But it was the testimony of the younger Murdoch that might yet result in the demise of the Murdoch family dynasty control over the company that is now three generations in the making. As Friday’s NY Times recounts:
LONDON — Two former News International executives publicly contradicted James Murdoch’s testimony to a parliamentary committee, saying Thursday that they told him of evidence in 2008 that suggested that phone hacking at one of the company’s tabloid newspapers was more widespread.
The former executives said they informed Mr. Murdoch at the time that he was authorizing an unusually large secret settlement of a lawsuit brought by a hacking victim.
Mr. Murdoch, who runs the News Corporation’s European and Asian operations, including News International, the British subsidiary, told the committee on Tuesday that he agreed to pay £725,000, which was then about $1.4 million, in the case because it made financial sense. He testified that he was not aware at the time of the evidence, which most likely would have become public had the case proceeded and undermined the company’s assertion that hacking was limited to “a lone rogue reporter.”
But Colin Myler, the former editor of the tabloid, The News of the World, and Tom Crone, the former News International legal manager, said Mr. Murdoch was “mistaken” in his testimony delivered to the parliamentary committee. They said he knew when settling the lawsuit brought by a soccer union leader, Gordon Taylor, about a crucial piece of evidence that had been turned over to the company: an e-mail marked “for Neville” containing the transcript of a hacked cellphone message, apparently a reference to the paper’s chief reporter, Neville Thurlbeck.
“In fact, we did inform him of the ‘for Neville’ e-mail which had been produced to us by Gordon Taylor’s lawyers,” Mr. Myler and Mr. Crone said in the statement released Thursday night.
Right up to the day of Tuesday’s hearing, the Murdochs had paid a cool mil to the lawyers of their private eye, Glenn Mulcaire, who was convicted in 2007 of hacking the Royal Family. A better example of hush money would be hard to find. Now, as a result of Tuesday’s questioning, that little arrangement is “inoperative”, to use a term made famous during the Watergate cover up hearings.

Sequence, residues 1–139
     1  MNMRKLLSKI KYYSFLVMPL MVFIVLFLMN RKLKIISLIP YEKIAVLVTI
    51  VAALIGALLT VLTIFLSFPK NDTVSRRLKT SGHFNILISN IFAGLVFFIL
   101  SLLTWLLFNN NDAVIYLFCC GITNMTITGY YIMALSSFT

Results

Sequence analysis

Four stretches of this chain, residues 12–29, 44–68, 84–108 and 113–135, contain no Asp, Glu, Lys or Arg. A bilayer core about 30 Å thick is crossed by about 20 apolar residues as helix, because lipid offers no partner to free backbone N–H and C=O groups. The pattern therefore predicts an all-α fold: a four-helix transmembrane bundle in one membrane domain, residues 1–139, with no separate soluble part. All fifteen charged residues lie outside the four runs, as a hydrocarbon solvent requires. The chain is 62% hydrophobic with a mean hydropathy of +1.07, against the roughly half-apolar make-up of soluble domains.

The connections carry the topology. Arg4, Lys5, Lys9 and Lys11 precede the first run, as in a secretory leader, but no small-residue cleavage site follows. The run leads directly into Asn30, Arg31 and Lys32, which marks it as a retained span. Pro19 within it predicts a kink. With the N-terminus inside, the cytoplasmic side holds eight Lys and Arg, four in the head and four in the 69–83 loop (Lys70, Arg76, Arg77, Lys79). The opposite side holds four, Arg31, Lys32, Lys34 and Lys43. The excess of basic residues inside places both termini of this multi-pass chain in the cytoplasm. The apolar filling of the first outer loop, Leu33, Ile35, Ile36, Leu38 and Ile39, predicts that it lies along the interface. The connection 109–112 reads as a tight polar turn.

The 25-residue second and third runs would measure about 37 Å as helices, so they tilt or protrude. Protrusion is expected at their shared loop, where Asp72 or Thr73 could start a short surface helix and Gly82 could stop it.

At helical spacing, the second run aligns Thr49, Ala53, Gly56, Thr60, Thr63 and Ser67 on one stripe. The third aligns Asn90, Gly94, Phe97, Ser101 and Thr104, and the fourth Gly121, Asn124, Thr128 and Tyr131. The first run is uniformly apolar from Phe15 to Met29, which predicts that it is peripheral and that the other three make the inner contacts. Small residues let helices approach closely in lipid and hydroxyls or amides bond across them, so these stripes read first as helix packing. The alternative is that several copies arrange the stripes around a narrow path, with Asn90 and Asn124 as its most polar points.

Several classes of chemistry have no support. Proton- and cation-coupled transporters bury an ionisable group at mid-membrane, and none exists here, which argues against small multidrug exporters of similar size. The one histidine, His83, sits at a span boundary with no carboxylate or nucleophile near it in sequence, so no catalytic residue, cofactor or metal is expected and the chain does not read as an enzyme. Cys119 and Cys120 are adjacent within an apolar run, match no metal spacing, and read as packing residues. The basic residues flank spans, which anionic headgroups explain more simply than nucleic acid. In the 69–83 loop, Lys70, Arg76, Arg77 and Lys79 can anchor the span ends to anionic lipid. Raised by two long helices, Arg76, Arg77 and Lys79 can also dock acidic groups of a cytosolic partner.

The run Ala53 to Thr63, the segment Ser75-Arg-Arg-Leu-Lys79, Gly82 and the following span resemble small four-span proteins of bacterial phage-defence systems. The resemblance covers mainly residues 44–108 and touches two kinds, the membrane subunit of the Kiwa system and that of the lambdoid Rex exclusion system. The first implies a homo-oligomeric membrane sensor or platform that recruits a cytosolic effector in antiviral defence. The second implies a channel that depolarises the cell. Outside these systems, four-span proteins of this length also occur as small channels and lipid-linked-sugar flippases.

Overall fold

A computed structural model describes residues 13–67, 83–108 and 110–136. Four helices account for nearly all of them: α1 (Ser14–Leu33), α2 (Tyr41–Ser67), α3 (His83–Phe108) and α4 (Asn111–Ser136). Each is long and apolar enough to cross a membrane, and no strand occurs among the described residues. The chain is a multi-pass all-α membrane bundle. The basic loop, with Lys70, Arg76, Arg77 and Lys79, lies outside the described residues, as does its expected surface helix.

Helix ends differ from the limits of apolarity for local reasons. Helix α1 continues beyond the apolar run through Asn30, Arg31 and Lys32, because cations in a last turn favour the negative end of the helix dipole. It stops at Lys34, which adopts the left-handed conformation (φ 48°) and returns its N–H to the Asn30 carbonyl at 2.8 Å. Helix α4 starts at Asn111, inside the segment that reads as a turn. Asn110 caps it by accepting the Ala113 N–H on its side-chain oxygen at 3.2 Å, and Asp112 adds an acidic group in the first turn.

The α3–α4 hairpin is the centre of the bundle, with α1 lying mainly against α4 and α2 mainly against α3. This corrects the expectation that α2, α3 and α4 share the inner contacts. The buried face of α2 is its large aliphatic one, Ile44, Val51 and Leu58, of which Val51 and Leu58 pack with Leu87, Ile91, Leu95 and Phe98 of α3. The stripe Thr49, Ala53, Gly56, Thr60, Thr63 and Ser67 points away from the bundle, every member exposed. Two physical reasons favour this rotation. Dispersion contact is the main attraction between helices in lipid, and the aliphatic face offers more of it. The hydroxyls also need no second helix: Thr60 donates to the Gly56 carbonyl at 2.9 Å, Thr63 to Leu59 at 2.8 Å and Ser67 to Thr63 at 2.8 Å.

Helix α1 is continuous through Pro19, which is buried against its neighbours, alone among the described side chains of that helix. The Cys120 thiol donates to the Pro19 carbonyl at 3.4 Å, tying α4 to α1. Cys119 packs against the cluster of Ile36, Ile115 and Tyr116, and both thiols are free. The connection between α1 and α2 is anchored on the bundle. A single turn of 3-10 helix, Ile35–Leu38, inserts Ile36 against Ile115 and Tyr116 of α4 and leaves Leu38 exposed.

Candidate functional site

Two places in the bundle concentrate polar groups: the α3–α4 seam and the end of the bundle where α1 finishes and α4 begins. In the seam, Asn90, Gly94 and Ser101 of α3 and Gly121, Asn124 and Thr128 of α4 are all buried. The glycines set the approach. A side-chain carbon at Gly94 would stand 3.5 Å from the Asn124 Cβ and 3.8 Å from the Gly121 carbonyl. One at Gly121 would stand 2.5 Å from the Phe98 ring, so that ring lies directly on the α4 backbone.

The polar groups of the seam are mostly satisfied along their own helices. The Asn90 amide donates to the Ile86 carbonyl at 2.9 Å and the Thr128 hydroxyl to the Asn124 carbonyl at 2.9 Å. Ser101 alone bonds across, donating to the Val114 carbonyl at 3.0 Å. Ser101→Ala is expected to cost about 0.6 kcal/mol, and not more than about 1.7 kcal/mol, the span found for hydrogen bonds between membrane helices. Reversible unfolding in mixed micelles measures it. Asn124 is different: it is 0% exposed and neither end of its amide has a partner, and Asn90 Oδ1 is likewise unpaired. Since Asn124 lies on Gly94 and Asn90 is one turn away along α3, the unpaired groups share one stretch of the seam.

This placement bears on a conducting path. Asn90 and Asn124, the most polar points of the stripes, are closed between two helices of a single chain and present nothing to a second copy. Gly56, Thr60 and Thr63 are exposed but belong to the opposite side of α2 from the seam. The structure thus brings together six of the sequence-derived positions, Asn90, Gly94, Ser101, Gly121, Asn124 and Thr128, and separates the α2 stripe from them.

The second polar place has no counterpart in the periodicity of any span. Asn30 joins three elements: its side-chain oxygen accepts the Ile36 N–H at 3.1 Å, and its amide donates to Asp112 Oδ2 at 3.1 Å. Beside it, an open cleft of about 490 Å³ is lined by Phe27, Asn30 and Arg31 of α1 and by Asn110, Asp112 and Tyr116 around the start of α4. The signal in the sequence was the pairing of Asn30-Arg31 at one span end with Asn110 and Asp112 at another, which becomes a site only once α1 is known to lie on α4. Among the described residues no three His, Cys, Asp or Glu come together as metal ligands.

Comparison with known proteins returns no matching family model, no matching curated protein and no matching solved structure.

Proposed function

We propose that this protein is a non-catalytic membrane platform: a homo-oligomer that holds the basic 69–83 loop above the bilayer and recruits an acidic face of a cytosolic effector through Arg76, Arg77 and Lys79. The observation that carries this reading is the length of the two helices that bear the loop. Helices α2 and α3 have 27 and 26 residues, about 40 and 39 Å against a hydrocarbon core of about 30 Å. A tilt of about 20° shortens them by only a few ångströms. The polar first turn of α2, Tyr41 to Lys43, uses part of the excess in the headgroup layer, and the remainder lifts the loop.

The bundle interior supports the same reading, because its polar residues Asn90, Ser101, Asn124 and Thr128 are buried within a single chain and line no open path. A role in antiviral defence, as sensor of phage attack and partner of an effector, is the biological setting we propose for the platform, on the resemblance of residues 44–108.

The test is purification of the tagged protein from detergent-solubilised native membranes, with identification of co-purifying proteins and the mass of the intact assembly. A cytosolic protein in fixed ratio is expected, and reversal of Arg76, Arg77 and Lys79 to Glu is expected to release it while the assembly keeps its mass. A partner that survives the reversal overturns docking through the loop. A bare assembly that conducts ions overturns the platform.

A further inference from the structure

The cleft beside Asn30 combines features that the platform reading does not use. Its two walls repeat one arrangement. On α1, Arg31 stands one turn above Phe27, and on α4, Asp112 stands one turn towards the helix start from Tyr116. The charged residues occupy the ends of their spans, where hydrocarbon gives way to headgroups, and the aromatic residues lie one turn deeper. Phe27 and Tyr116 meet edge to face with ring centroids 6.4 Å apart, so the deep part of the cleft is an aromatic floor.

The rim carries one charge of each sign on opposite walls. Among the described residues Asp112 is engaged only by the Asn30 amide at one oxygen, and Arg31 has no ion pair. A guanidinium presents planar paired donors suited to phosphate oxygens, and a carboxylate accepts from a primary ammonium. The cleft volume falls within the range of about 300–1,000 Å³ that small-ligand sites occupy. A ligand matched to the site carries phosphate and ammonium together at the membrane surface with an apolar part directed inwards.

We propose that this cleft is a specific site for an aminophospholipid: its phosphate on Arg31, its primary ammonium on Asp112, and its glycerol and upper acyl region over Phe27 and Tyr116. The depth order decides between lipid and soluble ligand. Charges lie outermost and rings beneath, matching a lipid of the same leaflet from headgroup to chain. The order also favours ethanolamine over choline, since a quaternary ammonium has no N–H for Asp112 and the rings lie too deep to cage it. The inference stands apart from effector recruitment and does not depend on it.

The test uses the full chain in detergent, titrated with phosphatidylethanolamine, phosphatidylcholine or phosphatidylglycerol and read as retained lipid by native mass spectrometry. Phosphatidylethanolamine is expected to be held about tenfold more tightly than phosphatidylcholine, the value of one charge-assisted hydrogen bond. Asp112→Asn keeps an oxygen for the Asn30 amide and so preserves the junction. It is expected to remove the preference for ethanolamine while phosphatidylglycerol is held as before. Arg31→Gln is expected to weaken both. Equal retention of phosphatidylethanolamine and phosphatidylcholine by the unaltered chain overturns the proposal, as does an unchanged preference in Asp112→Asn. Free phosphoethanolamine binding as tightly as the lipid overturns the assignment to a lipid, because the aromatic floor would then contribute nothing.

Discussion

If Shakespeare was alive and writing today, how could he resist taking as the subject of one of his classic five act tragedies the ambitions of three generations of The House of Murdoch to create a family dynasty of media moguls such as the world has never seen? In the narrative scheme of things:
Act One’s inciting incident would be Mulcaire’s hacking of the Royals.
Act Two’s rising action and complications find expression in a plethora of hacking episodes that have made victims of actors Hugh Grant and Sienna Miller; professional sports star, Geoffry Taylor (who settled with the Murdochs for $1.4 million); Max Mosley, a former auto racing executive who was falsely portrayed on the front page of NotW as participating in “sick Nazi orgies” ($120,000 judgment); and former Prime Minister Gordon Brown whose hacked legal and financial records included the medical records of his son’s previously undisclosed debilitating condition of cystic fibrosis.
Act Three’s turning point occurred as the true scale of Murdoch criminal enterprise came to light, for which The Gurdian‘s Nick Davies deserves the lion’s share of credit.
Act Four’s reversals are evident in the closing of the 168 yearld old newspaper NotW; the withdrawal of News Corp’s bid to buy the 61% of the lucrative SkyBSky satellite network it didn’t already own; and the billions of dollars of lost News Corp stock value, a major reduction of the family portfolio.
Act Five’s denouement and resolution is yet to be seen, as the full extent of the Murdoch crimes makes its way through the UK judicial system.
And just as Shakepeare’s tragedy Henry IV Part One naturally led to its sequel, Henry IV Part Two, we already witnessing the beginning of the sequel. the toxic spread of Murdoch crime syndicate’s activities to the other side of the pond. In the last week alone, some four separate US investigations have been launched, including an FBI investigation intowhether the phones of families of 911 victims were hacked; whether actor Jude Law’s phone messages were hacked; and whether bribery of UK police officials violated the Foreign Corrupt Practices Act. Additionally, at least one civil lawsuit has bee filed by News Corp’s stockholders, which naturally brings in the SEC.
As for psychological insight into our tragedy’s protagonist, Maureen Dowd offered some thoughts in her column last Wednesday. She holds that Rupert’s zeal to compromise the English government was payback for the opprobrium his Aussie publisher father, Sir Keith Murdoch, received for his paper’scoverage of the British Army’s failings at Gallipoli (dramatized in the 1981 Peter Weir movie ‘Gallipoli”, starring a then unknown actor named Mel Gibson, for which Rupert recieved a producer’s credit for bankrolling half its costs). Said Dowd:
Rupert wanted to avenge his father with the British establishment, and what sweeter way to do it than to take over the British press, including its most prestigious broadsheet, The Times of London, and help decide who runs Britain.
All to which we can only say: Lay on, McDuff.